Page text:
Talk

Advanced search

Mumsnet has not checked the qualifications of anyone posting here. If you have any legal concerns we suggest you consult a solicitor.

he just seems to want them both homeless

(14 Posts)
honeysucklecottage Tue 20-Oct-09 13:59:42

I would like advice for my daughter.
She brought a house from the housing assosiation with her boyfriend they had a daughter together at the time she was 3 to 4 years old. The boyfriend left 4 years later after my daughter got a loan to pay his county court fines and pay for the car he left with. He threatened to kill my daughter if she did not leave the house with my grandaughter he was arrested and cautioned.

All these years shes struggled to pay the morgage and the debts he left her with. The boyfriend only paid child support when the csa caught up with him, but then changed his job, he owes my daughter £4000 in arrears. She never had the income to change the morgage.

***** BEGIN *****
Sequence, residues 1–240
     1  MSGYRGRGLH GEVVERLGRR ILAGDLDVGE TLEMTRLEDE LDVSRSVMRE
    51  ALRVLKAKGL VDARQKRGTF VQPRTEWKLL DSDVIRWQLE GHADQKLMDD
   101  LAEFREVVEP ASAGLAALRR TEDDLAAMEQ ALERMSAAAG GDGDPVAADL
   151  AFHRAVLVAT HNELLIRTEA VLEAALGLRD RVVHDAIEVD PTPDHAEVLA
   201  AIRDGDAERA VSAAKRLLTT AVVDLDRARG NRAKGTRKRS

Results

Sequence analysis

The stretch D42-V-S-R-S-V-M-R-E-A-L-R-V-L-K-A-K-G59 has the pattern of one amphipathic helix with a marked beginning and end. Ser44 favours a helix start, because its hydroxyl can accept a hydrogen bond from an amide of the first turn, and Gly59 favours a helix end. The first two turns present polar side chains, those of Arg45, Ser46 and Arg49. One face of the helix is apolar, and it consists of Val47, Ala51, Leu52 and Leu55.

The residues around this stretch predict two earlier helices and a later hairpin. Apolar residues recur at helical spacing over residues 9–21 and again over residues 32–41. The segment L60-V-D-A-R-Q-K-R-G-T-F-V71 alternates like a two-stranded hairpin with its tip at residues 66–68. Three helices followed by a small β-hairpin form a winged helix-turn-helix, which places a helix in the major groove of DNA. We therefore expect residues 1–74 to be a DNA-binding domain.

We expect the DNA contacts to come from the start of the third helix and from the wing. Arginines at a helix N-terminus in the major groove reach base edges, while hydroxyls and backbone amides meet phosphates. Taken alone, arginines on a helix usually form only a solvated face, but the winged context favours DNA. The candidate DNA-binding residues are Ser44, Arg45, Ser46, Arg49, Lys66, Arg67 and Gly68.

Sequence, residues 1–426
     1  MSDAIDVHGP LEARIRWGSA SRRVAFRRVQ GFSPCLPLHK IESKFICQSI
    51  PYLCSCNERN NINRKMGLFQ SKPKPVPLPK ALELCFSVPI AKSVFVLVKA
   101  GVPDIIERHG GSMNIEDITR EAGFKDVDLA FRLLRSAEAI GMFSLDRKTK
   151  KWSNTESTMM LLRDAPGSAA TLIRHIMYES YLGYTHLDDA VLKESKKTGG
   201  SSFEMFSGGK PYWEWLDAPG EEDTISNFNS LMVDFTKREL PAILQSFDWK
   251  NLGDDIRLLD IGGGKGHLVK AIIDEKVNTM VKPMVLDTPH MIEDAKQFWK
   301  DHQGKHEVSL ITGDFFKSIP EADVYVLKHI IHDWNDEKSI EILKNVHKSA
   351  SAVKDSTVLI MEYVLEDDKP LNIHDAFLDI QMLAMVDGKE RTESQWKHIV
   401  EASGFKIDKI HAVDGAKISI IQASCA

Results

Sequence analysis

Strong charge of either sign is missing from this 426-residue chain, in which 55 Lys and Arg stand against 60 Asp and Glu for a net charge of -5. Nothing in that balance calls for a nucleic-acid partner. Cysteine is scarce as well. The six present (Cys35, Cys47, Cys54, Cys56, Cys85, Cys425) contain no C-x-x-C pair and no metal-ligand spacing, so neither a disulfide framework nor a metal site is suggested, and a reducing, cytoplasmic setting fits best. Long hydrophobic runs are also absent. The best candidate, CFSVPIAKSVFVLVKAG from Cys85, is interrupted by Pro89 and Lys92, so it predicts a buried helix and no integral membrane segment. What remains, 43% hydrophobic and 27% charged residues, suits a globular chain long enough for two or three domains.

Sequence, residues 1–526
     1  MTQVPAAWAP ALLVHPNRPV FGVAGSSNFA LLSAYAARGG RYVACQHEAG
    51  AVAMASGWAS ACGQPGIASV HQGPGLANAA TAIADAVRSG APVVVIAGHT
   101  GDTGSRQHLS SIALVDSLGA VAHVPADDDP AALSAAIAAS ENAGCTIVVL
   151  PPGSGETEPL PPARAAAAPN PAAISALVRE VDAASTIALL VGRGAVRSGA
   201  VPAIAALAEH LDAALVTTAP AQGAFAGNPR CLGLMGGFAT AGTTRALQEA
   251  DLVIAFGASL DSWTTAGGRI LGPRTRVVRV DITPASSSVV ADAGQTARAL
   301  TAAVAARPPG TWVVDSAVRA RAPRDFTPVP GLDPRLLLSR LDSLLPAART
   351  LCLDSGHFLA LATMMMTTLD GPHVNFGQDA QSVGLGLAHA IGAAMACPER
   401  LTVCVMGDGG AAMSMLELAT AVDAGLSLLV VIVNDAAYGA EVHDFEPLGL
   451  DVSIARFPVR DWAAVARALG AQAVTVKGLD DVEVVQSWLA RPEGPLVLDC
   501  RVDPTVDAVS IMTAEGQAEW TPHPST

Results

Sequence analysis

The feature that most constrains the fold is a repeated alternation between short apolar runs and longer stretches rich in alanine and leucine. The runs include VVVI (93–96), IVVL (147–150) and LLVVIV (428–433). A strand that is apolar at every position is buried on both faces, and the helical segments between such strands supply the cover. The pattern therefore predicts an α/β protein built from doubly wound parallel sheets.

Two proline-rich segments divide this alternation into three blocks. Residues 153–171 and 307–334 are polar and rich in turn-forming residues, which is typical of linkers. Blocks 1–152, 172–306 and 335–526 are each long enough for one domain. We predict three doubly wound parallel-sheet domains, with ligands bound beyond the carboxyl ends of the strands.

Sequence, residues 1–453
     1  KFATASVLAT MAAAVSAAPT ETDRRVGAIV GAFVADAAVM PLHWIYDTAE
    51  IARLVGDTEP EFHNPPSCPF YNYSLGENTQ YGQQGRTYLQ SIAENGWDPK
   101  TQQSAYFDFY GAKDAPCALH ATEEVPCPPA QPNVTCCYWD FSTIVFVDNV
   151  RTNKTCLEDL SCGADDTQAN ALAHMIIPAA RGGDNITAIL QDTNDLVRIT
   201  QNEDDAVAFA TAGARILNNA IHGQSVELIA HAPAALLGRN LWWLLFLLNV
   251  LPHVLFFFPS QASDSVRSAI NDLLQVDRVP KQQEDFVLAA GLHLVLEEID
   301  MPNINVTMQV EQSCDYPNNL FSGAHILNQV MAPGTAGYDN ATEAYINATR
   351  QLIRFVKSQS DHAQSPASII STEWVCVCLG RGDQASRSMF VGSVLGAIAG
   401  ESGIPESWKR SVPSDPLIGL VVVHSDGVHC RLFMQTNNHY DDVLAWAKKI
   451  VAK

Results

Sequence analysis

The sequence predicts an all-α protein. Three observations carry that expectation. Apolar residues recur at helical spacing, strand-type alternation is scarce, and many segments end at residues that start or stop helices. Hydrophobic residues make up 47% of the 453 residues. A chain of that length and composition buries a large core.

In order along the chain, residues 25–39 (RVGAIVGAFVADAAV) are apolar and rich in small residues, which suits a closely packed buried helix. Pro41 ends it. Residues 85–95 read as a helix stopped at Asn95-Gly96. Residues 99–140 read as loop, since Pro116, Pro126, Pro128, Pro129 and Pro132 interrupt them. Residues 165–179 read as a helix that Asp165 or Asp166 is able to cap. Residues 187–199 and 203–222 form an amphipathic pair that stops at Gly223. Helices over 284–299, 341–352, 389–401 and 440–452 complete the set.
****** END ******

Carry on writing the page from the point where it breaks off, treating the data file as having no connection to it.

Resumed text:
My grandaughter has learning difficulties and worked hard to get into college. For her 18th biirthday she was informed by her fathers solicetor that he wanted the house sold and they had to get out.

This is where we are at the moment.
We can get a mortgage for the property and have asked the boyfriends solicetor what money he wants, but he just sends that he is going to court and the house will have to be sold. He has told my grand daughter he is entitled to half the house profits

Can you please advise me what my daughter can do, as he just seems to want them both homeless.

regards
Linda

colditz Tue 20-Oct-09 14:02:21

he's only entitled, at the very most, to half of 4 years of the mortgae payments.

Your daughter could possibly tack a couple of years onto her mortgage to buy him out?